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The Great Voter Tune-Out of 2012

BY Micah L. Sifry | Thursday, June 21 2012

Youth voter turnout, 2012 vs 2008 primaries (courtesy Jason Rzepka)

It's the "'meh'-ing" of the president, says Roger Simon. "The 2012 campaign is the smallest ever," says another headline in Politico. All over the political landscape, signs abound of a dismal political season.

No one seems to want to read stories about Mitt Romney, Buzzfeed reports, noting that online traffic to a variety of political websites from the conservative Daily Caller to the center-liberal Atlantic to their own buzz-machine is a tenth of the attention flowing to stories about President Obama. And lest lefties take heart in that factoid, consider the results of a straw poll taken earlier this week at the Take Back the American Dream conference, where half the progressive leaders in attendance said they were "less enthusiastic" about the election than they were in 2008.

Youth engagement in particular is down. As MTV's Jason Rzepka pointed out in his plenary talk at PDF June 12th, turnout by young voters in the 2012 primary races was a fraction of voting levels in 2008. This is not surprising given the lack of a Democratic primary battle this time. And efforts like MTV's soon to be launched Fantasy Election just might help make a few college-age kids a bit more involved, though you can only "gamify" a bad game so much, and if politics isn't saying much to young people, it's not surprising if many of them tune it out too.

Now the Pew Research Center For the People & The Press is out with a meaty new survey that confirms that voter engagement with the 2012 election is down compared to the campaign of 2008. Last time around, at this point in the race, 63% of registered voters polled said they were "more interested" in the election than previously; that's now dropped to just 48% saying they're more interested than four years ago. That is, one is six registered voters have tuned DOWN their interest in the presidential battle compared to four years ago.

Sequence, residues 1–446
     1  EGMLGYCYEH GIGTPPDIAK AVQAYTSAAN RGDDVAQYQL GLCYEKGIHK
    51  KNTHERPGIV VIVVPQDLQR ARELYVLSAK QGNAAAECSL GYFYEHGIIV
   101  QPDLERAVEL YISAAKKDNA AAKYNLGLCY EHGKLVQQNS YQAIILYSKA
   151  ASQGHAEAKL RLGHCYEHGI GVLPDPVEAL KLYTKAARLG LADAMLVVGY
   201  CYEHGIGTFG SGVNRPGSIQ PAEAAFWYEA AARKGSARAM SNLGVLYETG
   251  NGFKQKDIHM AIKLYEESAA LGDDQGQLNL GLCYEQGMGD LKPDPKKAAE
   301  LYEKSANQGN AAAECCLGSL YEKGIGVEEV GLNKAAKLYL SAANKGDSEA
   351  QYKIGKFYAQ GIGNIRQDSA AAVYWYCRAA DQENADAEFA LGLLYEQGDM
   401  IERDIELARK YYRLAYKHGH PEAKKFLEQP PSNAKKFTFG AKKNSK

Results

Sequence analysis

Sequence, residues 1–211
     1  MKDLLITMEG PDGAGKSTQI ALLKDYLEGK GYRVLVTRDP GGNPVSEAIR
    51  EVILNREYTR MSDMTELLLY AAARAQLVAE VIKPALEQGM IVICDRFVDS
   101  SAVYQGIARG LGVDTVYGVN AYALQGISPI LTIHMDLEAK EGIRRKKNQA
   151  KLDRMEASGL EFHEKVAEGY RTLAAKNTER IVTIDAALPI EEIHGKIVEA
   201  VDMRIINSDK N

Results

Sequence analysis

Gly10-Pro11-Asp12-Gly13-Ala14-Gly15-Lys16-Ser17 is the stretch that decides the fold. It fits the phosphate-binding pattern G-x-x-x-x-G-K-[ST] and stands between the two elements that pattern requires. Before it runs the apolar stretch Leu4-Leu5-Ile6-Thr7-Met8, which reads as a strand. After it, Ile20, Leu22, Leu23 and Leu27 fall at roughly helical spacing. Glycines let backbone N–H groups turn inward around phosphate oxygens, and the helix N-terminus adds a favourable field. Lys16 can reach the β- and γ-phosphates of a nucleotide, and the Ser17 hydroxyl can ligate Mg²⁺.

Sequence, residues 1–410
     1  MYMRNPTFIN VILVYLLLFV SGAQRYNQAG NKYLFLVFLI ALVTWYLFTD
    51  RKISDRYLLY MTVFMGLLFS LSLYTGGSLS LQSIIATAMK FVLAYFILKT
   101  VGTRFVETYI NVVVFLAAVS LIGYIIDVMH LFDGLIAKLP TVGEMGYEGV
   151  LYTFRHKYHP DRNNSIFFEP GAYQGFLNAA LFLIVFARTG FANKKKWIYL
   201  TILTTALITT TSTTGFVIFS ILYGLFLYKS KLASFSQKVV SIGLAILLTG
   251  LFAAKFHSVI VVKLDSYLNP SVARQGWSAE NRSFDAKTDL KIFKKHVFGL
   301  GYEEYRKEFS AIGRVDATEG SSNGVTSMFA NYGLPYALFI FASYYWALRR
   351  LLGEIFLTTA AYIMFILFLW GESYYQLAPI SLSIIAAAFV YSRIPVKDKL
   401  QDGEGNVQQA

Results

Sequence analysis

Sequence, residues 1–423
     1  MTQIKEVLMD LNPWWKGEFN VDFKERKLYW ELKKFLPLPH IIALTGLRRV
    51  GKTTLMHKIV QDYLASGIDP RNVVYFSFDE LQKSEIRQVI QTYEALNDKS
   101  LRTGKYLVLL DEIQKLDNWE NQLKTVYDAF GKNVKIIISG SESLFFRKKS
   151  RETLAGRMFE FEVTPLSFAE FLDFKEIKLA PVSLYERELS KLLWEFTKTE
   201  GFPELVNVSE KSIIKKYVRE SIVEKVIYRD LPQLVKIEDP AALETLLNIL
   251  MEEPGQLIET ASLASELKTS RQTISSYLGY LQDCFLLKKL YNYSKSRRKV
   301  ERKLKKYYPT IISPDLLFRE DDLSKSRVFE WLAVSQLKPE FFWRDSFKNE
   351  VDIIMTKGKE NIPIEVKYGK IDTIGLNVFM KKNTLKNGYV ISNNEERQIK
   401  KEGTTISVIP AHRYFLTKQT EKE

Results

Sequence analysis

The percentage saying they're following the election very closely has also dropped, from 46% in June 1008 to just 37% now, Pew reports. These numbers are still higher than earlier benchmark surveys from 1992 through 2004, but they're a clear indication that the steady rise in voter engagement that began in 2000 has not just leveled off, it's dipping.

For those of us who thought the rise of the interactive web might generate a self-reinforcing virtuous cycle of increased voter involvement in politics, these are sobering facts. Let's admit it. We're living through a new tune-out from politics right now.

What's going on? Roger Simon argues the campaign just needs a high-voltage attention-getter, and dwells on that old favorite of DC insiders, a surprising vice presidential move, such as replacing Joe Biden with Hillary Clinton. Please, wake me when that chatter is over.

Veteran reporters like Todd Purdum and political consultants like Mark McKinnon blame the hyper-insularity of the media coverage, and there's no doubt that a great deal of the political press is spending most of its attention on itself and the inside-Twitter squash game being played by both campaigns. As MacKinnon told Politico:

“This election may be remembered as the Bitter Twitter campaign. On the main issue of the economy, where the battle will be fought, it appears as if Obama’s ideas have largely been exhausted and that Romney doesn’t want to risk any bold new proposals, so we are likely to see the next [few] months as a furious and relentless exchange of messages that aren’t much longer or deeper than 140 characters.”